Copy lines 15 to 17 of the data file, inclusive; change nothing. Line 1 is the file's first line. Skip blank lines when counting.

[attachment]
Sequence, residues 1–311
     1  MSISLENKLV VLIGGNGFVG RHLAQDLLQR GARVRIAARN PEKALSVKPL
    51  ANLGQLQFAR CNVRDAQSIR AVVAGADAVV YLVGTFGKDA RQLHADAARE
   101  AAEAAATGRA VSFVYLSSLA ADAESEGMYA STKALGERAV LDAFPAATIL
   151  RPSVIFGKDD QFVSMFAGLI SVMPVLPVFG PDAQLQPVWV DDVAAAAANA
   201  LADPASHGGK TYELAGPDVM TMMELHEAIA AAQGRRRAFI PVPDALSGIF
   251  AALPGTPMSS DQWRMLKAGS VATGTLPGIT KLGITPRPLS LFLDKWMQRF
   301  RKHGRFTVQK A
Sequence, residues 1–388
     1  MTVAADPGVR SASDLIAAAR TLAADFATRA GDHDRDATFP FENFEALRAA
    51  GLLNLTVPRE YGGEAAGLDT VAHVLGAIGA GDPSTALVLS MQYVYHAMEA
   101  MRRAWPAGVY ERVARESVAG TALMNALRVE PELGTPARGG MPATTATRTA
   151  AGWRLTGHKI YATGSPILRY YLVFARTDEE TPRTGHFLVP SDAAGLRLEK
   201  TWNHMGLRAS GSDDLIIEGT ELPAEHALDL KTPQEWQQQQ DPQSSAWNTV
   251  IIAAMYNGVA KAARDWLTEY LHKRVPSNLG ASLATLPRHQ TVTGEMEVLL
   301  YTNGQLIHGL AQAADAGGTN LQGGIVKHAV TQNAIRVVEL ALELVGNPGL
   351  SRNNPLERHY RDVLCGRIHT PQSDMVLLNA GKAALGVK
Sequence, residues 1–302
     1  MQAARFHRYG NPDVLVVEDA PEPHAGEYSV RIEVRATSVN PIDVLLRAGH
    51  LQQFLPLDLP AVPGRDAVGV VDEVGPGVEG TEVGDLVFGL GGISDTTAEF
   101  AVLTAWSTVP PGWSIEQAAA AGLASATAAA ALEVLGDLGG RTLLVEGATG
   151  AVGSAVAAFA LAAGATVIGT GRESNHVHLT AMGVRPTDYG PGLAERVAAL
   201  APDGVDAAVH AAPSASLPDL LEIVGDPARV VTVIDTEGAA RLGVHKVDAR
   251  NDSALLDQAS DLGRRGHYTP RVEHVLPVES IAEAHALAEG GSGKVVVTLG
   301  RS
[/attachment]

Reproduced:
   251  IIAAMYNGVA KAARDWLTEY LHKRVPSNLG ASLATLPRHQ TVTGEMEVLL
   301  YTNGQLIHGL AQAADAGGTN LQGGIVKHAV TQNAIRVVEL ALELVGNPGL
   351  SRNNPLERHY RDVLCGRIHT PQSDMVLLNA GKAALGVK